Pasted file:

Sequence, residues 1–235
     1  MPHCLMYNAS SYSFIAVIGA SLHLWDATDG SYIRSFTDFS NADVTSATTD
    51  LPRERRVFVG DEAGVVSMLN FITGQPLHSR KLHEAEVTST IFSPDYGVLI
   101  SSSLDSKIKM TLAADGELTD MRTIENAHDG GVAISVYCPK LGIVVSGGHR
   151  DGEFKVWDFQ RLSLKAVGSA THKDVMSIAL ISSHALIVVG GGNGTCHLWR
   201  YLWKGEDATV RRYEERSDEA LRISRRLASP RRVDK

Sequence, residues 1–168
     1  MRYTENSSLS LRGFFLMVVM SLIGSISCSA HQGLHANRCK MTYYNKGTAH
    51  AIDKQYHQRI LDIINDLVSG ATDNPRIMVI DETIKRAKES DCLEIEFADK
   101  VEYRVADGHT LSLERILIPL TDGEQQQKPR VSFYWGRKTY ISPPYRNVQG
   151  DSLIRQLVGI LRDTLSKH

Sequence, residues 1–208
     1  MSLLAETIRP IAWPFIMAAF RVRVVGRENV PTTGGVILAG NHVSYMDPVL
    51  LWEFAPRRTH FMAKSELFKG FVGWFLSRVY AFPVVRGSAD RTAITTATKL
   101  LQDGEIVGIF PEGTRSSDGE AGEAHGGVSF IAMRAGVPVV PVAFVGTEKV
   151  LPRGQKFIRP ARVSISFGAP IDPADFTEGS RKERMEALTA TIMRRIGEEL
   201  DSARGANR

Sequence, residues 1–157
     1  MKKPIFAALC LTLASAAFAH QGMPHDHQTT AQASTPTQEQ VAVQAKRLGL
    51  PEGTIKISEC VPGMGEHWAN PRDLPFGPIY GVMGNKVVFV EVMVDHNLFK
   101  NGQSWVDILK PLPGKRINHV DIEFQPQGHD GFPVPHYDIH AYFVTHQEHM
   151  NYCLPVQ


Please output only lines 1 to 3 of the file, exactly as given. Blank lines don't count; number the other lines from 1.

Sequence, residues 1–235
     1  MPHCLMYNAS SYSFIAVIGA SLHLWDATDG SYIRSFTDFS NADVTSATTD
    51  LPRERRVFVG DEAGVVSMLN FITGQPLHSR KLHEAEVTST IFSPDYGVLI